Conley: As a nation, we’re hardwired to quick fixes and pain-free solutions. Our timeframes are short; tied more to quarterly earnings and winning the next election than strategic imperatives. Powerful forces are resistant to change, and misguided media hype has lulled us into a false sense of energy security. Absent a visible crisis – ala Pearl Harbor – there is little political will for change; instead, we twiddle our thumbs as the time bomb ticks.

WTS: Let’s suppose the political will existed. How would you start?

Conley: I’d be clear that the coming oil crisis is a significant threat to our national security and way of life; that it will require a national energy plan that combines the best and brightest of both the public and private sectors; that it will take an all-out effort comparable to the totality of our response following the Pearl Harbor attack, and that failure is not an option. I’d also offer a set of organizing principles and with it a message of hope if we do it right.

WTS: What might some of these guiding principles be?

Conley: Albert Einstein once said: “You cannot solve the world’s problems with the same thinking that created them.” This applies to our energy transition challenge. It is all new ground and we’ll need a set of operating principles for a compass such as:

  • Think long, deep and wide: Our timeframe should be the remainder of the 21st century. Our scope should be strategic and account for environmental impacts, future availability of domestic fuels, capital generation and financing requirements, optimizing public and private sector efforts, and behavioral changes. Our solutions should be wide-reaching; touching all facets of the economy. This can not be solved in a piecemeal fashion.
  • The 2% Rule: Panaceas are nice, but success will ultimately come from two percent solutions here and two percent solutions there; all tied to a common vision and comprehensive strategy. This requires a national policy framework from which to align markets and attract innovations and localized solutions.
  • Metrics, accountability and predictability: We can’t achieve what we don’t target and measure. We’re all accountable and need to know the ground-rules, scoring mechanisms, risks and rewards. There must also be a high degree of predictability in the system to assure capital markets the ground rules won’t be changed midway through the financing of their respective projects.

WTS: Could you be more specific about what a transformational plan might look like?

Conley: Yes. In August 2009, I published a detailed 94 page report titled: Vision 2020: A Blueprint for Achieving Energy Independence in an Environmentally Clean and Economically Viable World, Let me share a few updated thoughts on it:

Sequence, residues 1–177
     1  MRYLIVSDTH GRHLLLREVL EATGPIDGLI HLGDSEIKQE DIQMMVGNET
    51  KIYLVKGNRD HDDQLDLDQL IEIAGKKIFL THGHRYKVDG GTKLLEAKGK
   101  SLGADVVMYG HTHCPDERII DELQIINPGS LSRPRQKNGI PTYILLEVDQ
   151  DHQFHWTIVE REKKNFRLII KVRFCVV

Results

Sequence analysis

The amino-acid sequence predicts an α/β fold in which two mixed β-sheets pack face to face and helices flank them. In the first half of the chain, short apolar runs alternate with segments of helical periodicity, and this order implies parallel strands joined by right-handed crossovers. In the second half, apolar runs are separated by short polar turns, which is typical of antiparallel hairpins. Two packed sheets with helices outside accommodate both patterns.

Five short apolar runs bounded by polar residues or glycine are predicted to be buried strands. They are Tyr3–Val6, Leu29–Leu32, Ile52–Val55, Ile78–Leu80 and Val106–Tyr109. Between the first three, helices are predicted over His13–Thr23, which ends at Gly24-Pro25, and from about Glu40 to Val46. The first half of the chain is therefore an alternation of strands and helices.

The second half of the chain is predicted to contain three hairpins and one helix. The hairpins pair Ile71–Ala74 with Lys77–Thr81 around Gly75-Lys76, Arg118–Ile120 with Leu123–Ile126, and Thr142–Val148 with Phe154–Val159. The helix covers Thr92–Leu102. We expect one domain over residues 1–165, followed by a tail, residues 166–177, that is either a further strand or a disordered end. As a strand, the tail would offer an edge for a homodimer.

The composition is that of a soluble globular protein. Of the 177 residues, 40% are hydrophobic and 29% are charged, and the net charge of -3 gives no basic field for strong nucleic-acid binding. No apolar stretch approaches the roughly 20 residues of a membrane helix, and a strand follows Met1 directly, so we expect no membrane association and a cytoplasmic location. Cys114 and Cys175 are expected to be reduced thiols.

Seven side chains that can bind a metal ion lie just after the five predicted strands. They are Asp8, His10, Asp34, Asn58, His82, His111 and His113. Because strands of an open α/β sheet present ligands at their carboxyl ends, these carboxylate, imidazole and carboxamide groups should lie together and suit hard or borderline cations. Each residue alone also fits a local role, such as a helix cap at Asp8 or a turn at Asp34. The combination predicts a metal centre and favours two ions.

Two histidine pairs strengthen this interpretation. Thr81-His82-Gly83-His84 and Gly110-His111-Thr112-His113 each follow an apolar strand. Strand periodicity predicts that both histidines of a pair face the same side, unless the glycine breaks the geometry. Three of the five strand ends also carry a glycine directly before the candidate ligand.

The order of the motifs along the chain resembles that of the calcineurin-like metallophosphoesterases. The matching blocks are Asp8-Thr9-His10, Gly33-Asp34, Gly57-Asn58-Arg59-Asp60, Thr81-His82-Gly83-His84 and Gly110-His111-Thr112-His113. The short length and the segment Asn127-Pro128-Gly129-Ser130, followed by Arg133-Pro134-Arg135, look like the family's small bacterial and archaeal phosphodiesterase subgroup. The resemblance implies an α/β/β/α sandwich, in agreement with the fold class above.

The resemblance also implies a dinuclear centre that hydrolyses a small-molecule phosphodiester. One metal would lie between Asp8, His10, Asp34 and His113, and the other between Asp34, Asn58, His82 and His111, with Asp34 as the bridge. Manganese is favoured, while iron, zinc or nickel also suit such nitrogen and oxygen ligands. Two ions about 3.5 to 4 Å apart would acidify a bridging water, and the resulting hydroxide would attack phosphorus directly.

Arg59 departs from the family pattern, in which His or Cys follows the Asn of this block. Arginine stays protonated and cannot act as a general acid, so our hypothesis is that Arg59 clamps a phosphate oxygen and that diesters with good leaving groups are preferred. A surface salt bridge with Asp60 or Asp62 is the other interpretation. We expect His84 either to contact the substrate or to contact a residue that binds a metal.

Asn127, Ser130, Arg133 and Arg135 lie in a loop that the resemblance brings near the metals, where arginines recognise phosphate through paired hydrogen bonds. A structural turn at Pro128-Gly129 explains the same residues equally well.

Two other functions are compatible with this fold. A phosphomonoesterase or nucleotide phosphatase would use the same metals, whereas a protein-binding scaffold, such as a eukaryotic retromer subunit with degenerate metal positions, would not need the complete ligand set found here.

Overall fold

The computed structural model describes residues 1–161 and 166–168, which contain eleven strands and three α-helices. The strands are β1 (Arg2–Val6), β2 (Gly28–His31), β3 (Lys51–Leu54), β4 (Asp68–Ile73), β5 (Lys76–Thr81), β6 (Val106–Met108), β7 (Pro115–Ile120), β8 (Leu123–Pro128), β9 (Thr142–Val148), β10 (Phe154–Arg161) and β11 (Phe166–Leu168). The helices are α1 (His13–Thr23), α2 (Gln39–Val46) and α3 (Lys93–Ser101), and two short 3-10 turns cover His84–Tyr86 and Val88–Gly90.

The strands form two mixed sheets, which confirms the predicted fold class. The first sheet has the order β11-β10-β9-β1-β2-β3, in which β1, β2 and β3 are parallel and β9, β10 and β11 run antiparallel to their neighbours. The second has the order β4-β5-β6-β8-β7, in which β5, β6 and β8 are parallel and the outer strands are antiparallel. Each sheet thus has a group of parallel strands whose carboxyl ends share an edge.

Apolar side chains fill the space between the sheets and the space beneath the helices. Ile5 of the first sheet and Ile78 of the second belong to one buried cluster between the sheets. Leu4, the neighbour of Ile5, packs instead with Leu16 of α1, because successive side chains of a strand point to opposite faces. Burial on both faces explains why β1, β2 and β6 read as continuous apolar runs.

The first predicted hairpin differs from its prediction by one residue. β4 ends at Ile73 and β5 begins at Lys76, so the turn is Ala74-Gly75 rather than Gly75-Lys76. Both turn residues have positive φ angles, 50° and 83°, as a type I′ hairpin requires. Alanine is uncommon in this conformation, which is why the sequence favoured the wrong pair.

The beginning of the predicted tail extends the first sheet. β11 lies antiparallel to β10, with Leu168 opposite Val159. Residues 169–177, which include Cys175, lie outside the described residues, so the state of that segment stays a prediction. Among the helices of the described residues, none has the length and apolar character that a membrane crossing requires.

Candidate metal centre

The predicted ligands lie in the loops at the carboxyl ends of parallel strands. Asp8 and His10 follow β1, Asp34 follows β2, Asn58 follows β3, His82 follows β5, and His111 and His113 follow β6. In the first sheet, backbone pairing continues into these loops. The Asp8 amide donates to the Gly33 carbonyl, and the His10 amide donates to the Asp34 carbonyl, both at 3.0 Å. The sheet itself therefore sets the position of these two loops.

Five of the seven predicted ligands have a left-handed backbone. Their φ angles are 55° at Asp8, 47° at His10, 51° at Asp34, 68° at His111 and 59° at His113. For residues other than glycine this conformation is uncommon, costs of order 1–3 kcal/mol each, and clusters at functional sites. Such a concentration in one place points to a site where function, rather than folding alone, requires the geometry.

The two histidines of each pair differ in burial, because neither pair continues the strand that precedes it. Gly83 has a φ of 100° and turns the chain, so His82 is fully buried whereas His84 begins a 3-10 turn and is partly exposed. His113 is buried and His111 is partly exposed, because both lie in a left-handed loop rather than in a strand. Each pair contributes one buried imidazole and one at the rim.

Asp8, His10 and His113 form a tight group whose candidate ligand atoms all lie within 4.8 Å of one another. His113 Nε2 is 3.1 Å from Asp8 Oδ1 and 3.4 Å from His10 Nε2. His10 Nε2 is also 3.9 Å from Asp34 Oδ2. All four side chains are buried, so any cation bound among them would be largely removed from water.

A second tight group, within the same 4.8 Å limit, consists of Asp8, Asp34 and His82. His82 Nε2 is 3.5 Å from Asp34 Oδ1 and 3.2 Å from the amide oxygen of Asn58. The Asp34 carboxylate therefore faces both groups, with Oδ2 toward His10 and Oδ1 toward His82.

We’ll need to develop specific energy targets and get the marketplace involved early in the game. For example, we could set a stretch goal of reducing daily oil consumption by 4% per year. This game-changer alone would make us independent of foreign oil by about 2025. Every president since Richard Nixon has talked about energy independence; isn’t it about time we set specific targets and worked toward achieving them?

WTS: What role would the marketplace play?

Conley: It would play the key role. Once the ground rules are established, I’d get out of the way and let the free market do what it does best: create, innovate, and execute.

I’d recognize it will take a blended portfolio of fuels to materially replace oil, and then rely heavily on the marketplace to determine the optimal mix. An engaged market will find ways to conserve and optimize energy, cut costs, boost efficiencies and pick the right fuels for the right missions. For example, Company A might retool its fleet of trucks – or buses – to run on compressed natural gas refueled from a central source. Company B might develop new synthetics to replace oil feedstock used in paints; Company C might retrofit its buildings to save energy and reduce costs – thus freeing up energy for re-deployment to the transportation sectors; and Company D might use on-site wind, solar and geothermal energy in its daily operation. My point: With clear incentives, disincentives and guidelines, the market will respond.

WTS: Could you comment more on the incentives, disincentives and accountabilities?

Conley: There has to be a carrot and a stick. While the ultimate carrot is to safeguard our living standard, it could include tax incentives, accelerated depreciation allowances, and funding grants for basic research, pilot projects and more. The stick might include taxes or surcharges on activities that are counterproductive to the strategic transitional effort.

We’re all in this together and can learn from the efforts of our citizenry to win WWII. Like them, households today could participate by saving energy and water, buying more local products, planting a small Victory Garden, walking and biking more, taking public transportation where possible, and shucking off misguided feelings of entitlement. Small businesses might benefit by adopting cost-saving energy practices. Utility company incentives could be redirected toward energy conservation, not consumption – perhaps saving them the need to build a new power plant. In essence, everyone plays and there is zero tolerance for gaming the system.

WTS: Could you say more about infrastructure and behavioral changes?